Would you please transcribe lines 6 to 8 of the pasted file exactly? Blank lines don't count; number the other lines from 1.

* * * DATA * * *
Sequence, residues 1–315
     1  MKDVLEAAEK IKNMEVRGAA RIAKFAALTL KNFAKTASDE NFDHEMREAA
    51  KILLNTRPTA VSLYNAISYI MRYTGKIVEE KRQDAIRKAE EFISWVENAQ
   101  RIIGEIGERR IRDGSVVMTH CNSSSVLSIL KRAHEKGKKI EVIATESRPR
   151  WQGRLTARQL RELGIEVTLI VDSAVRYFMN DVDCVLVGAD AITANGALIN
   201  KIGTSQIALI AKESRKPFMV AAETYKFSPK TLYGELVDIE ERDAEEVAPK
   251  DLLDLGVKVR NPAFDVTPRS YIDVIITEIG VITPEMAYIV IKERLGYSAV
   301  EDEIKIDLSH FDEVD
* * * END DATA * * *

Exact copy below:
   201  KIGTSQIALI AKESRKPFMV AAETYKFSPK TLYGELVDIE ERDAEEVAPK
   251  DLLDLGVKVR NPAFDVTPRS YIDVIITEIG VITPEMAYIV IKERLGYSAV
   301  EDEIKIDLSH FDEVD